Strong job creation numbers on Friday could not overcome the impact on US markets of a plunge in overinflated commodities prices this week.
The period began and ended on strong notes — stocks jumped upon opening on Monday on the news that US forces had found and killed al-Qaeda chief Osama bin Laden in Pakistan.
And on Friday, the US Department of Labor reported that businesses added an unexpectedly high 268,000 jobs last month, encouraging hopes the economic recovery was on track even as strapped US federal and local governments cut spending and payrolls.
However, the impact on trading was ephemeral — both Monday’s and Friday’s gains quickly gave way to selling and the rest of the week traded down as the air blew out from sky-high oil, gold, silver and farm commodity prices.
Early on Friday, the Dow jumped 175 points on the jobs news, flirting with the previous week’s close of 12,810.54, its best level since May 20, 2008.
However, finally it dropped back and the index finished the week off 1.34 percent at 12,638.74.
The broader S&P 500 gave up 1.72 percent for the week to 1,340.20, while the tech-centric NASDAQ Composite ceded 1.6 percent to 2,827.56.
The main impetus, said analysts, was the sharp upward turnaround in the US dollar, which sent gold down by 10 percent and oil 15 percent after they had hit peaks at the outset of the week.
“We were completely captivated by what was going on in the commodity complex,” Gina Martin of Wells Fargo Securities said. “Over a long period of time oil and equities are correlated and that appeared to be the case this week.”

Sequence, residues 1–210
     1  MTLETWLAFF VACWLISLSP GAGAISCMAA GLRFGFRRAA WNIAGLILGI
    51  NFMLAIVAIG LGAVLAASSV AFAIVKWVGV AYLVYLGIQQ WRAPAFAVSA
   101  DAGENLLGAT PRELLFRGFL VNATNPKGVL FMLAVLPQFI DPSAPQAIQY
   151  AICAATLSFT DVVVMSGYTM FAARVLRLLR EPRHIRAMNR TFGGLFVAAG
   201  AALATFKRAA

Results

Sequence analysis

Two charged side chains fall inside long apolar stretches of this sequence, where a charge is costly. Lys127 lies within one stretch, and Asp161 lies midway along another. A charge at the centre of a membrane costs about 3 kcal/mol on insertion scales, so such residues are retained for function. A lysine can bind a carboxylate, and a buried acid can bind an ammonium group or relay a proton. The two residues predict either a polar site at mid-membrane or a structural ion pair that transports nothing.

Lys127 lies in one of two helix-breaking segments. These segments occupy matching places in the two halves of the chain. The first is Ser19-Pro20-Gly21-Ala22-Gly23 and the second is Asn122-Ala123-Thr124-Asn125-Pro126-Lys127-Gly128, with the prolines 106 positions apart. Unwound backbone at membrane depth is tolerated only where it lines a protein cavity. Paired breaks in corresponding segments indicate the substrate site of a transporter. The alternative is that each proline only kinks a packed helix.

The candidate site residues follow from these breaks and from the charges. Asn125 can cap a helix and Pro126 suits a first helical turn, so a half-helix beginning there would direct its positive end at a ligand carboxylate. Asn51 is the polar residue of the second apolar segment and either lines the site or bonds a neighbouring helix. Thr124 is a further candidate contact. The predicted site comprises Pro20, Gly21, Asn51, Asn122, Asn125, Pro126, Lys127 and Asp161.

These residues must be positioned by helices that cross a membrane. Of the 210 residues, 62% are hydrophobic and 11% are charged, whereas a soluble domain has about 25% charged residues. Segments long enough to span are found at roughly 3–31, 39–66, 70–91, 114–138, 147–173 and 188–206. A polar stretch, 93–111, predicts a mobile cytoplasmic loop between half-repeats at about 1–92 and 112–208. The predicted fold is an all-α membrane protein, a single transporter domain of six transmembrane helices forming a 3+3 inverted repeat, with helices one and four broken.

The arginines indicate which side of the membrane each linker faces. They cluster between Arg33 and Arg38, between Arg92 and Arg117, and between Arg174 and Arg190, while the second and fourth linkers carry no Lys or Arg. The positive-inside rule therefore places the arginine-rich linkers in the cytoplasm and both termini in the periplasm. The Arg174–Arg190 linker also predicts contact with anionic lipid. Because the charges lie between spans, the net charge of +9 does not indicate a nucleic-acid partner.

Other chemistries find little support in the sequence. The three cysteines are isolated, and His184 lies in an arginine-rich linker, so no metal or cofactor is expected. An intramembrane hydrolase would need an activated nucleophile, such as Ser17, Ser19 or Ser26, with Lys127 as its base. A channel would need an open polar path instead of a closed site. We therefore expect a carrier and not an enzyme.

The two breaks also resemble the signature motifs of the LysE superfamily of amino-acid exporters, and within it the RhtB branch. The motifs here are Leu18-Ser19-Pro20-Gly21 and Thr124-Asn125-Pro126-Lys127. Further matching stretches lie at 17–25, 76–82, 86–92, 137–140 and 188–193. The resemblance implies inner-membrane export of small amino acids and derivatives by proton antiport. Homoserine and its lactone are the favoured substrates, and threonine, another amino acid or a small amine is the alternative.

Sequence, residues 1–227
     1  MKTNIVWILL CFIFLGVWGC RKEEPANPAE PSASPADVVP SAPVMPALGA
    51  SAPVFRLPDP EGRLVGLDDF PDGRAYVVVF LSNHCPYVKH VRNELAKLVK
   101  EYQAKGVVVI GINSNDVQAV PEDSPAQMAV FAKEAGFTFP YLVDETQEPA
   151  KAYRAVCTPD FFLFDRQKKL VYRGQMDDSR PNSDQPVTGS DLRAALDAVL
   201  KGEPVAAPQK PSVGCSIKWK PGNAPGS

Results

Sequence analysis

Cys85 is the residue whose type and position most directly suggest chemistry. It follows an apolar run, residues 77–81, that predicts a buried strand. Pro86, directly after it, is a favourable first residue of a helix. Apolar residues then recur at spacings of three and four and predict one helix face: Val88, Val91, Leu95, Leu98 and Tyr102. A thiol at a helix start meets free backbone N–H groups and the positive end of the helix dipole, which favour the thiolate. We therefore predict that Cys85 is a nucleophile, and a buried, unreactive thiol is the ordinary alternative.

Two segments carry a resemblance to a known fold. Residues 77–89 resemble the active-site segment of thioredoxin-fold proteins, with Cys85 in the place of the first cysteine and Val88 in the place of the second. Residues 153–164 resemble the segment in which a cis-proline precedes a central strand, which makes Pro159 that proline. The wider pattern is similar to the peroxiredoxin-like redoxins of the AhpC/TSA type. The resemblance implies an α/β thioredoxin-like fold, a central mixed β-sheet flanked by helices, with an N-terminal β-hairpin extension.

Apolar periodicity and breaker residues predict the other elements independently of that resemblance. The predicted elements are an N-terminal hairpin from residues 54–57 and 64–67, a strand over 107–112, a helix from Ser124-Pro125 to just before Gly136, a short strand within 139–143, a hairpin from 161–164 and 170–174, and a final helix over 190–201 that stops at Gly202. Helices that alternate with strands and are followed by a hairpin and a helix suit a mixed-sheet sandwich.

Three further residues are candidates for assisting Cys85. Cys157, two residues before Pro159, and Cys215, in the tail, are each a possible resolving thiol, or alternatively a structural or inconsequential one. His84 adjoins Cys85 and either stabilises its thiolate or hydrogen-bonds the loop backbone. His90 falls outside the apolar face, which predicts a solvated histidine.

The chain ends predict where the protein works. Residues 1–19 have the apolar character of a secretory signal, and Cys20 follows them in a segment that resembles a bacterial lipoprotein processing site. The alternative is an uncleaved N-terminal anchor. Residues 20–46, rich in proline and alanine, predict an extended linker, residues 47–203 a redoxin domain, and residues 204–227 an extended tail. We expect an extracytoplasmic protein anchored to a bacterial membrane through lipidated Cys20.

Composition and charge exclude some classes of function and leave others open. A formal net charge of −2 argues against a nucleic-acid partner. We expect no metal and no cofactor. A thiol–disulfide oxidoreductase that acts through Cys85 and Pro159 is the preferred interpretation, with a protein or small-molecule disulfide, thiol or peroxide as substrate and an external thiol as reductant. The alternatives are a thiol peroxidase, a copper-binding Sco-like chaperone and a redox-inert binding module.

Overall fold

However, “de-risking” moves took hold, with large hedge funds and other major portfolio investors reported dumping commodities positions.
“Over the last few months investors have started to take a little bit of risk off the table. And obviously commodities are a risky asset class,” Martin said.
“It’s been a reactionary market, as the selloff in commodities has led to reactionary selling in equities overall,” Michael James of Wedbush Morgan Securities said.
“People’s nerves today got settled a little bit with much better job report,” he added.
Energy shares were major losers during the week because of the fall in oil prices. ExxonMobil and Chevron shares both lost 6 percent, while Conoco-Phillips was down 7.5 percent.
Market shakiness should continue on the back of dollar and commodity swings, Wedbush’s James said.
“There’s going to be continued volatility. The sharp move down in commodities has certainly caused a lot of nervousness and increased anxiety usually leads to increase volatility,” he said.
However, that is not all bad news, IHS Global Insight economists Patrick Newport and Nigel Gault said.
“Stock market volatility is not a good thing for consumer mood and household net worth — especially with falling real-estate prices,” they said.
“However, falling world oil prices can have a positive impact on consumer sentiment as long as it translates into cheaper prices at the pump,” they added.